1. The Bible Gateway is a very useful website. It has numerous English translations available. To get the best use of that site, you will want to go to the preferences link on the left hand menu, select the default translation that you would like to use, and you can choose to include translations that have the deuterocanonical books (which Orthodox Christians would want to do). I would recommend using the New King James Version as your default translation, but if you are wanting to search the deuterocanonical books, you can switch to the Douay-Rheims translation.
Some of the additional features of this website include the ability to listen to recordings of the Bible being read. The option will only appear if you are using a translation that has such a recording on the website, which in English would be the ESV, KJV, or NIV, but they also have Spanish, Chinese, and a few other languages available. Once you have pulled up a text, there are two other options worth using. One is to pull up a parallel translation. For example, you could compare two English translations. You could have the English on one side, and the Greek or Hebrew text on the other. You could also have the English and just about any other language up for comparison, such as Russian, or Arabic. There is also a "Show Resources" hyperlink on the right, and that will pull up some commentaries and Bible Dictionary entries that apply to the passage you are looking at.
2. The Christian Classics Ethereal Library is also a great resource. It has the Ante-Nicene, and Nicene, Post-Nicene Fathers collection, which include a number of Patristic commentaries, especially those of St. John Chrysostom and St. Augustine. But if you go to their main page, one of the options at the bottom of the page is "Study a Bible Passage." If you click on that link, and on the left side, select the book of the Bible you want to study, and then select the chapter, it will pull up Matthew Henry's commentary on the right side, but if you click on the "MHC Commentary" link, you will see that it is a drop down menu. If you then select "References", if will then pull up a list of references to every text that they have on their site, which will include links to the Church Fathers, including those that are not commentaries per se, but which in many cases will have comments on the passage you are looking at (you will at least see that the Father in question made some reference to that text). In many cases those references may not be helpful, because the reference to your passage was only a brief allusion... but in other cases you will find very useful commentary. You will also occasionally see St. John of Kronstadt's "My Life in Christ" among the references.
3. The E-Sword is a free downloadable program that I have been finding very useful. Once you download the program itself, you can then select the reference material that you also want to download. There is a huge amount of this material that is free, because the texts are public domain. Here is what I would recommend you download:
The American Standard Version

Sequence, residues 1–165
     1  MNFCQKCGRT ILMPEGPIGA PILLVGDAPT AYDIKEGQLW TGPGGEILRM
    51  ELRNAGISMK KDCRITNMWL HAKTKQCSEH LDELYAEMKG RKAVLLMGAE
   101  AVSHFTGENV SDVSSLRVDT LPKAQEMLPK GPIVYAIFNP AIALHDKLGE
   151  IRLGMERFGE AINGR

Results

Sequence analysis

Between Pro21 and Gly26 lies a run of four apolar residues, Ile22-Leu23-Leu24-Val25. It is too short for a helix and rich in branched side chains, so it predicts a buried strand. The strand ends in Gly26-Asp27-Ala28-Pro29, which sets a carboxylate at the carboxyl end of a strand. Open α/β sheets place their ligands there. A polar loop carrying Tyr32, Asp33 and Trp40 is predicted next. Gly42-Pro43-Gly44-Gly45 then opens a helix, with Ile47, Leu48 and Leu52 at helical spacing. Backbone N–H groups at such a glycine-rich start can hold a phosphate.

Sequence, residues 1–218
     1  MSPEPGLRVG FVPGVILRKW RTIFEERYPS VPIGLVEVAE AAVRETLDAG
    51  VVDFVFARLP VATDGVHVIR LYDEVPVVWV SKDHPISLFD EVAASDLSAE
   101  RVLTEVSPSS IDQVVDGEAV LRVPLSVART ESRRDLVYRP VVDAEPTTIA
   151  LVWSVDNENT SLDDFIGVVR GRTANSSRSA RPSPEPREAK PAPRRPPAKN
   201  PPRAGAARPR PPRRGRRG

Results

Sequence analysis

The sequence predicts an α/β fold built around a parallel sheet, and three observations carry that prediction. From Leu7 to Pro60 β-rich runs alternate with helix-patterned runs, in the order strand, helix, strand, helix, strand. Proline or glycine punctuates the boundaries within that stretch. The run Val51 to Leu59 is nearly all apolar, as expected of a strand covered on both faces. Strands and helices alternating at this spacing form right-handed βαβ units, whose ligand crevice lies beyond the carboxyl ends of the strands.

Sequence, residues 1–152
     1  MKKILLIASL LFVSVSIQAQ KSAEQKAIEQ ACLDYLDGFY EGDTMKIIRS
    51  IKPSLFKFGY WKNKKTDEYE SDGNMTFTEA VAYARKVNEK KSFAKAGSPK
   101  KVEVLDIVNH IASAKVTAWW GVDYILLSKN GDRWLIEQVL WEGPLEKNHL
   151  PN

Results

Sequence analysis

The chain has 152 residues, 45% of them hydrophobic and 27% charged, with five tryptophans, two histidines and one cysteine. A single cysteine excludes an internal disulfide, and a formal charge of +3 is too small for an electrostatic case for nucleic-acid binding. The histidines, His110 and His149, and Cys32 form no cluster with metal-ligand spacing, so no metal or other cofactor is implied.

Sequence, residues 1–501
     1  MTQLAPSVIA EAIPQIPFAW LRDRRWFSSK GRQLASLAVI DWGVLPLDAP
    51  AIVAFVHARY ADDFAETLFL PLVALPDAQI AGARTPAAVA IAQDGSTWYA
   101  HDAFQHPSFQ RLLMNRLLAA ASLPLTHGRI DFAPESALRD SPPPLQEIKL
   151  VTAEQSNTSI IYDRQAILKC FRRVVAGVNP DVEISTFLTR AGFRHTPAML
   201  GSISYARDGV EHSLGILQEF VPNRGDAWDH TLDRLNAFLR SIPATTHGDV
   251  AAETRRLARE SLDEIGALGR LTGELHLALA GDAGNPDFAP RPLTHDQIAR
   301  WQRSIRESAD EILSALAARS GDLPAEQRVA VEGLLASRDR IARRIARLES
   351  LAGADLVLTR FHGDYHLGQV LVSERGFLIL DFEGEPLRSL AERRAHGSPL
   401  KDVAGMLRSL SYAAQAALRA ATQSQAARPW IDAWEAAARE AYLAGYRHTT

The Brenton Septuagint
The Douay-Rheims Bible
The English Majority Text Version
The English Standard Version
The King James Version
The King James Version (w/ Strongs Numbers)
The Literal Translation of the Holy Bible
The Revised Version
The World English Bible with Apocrypha
Young's Literal Translation
If you know Greek and/or Hebrew, you can download the Hebrew Old Testament, the Septuagint Greek text, and the Greek New Testament (which has several options, but I would recommend the Robinson/Pierpont Byzantine Greek New Testament).
Adam Clarke's Commentary
Keil & Delitzch Commentary on the Old Testament
Matthew Henry's Commentary on the Whole Bible
Vincent Word Studies
The Pulpit Commentary
Treasury of David
Alexander MacLaren's Commentary
Albert Barnes' Notes on the Whole Bible
Treasury of Scriptural Knowledge
Cambridge Bible for Schools and Colleges
Brown-Driver-Brigg's Hebrew Definitions
Nave's Topical Bible
Smith's Bible Dictionary
Strong's Bible Dictionary
Thayer's Greek Definitions
Among many other things you can do with this program, is if you switch the text you are looking at to the King James Version with the Strong's reference numbers, you can then look at the Hebrew or Greek word that is behind the translation, and get a detailed definition of the word and comments on its various uses in Scripture.
You can also download some E-Sword compatible reference material at a cost, but a cost far less than buying the hard copy versions -- most notably the Ancient Christian Commentary Series.
4. The Blue Letter Bible is a web site that has some of the same content as the Bible Gateway and E-Sword, but is not one that I have personally used a lot. There is also a Blue Letter Bible App that has much the same content.
5. There are also some useful Smart Phone Apps:
The best single Bible App I have found so far is the You Version, from LifeChurch.tv. You can read the Bible in just about any English translation, or in most other languages. You can also listen to audio files of many of the translations. The Bible Gateway App is also worth considering. The Blue Letter Bible App provides a lot more in the way of study helps, but if your primary interest in having a Bible App is in reading or listening to the text, I think the YouVersion is better.
There are many other reference books worth getting, but free is hard to beat.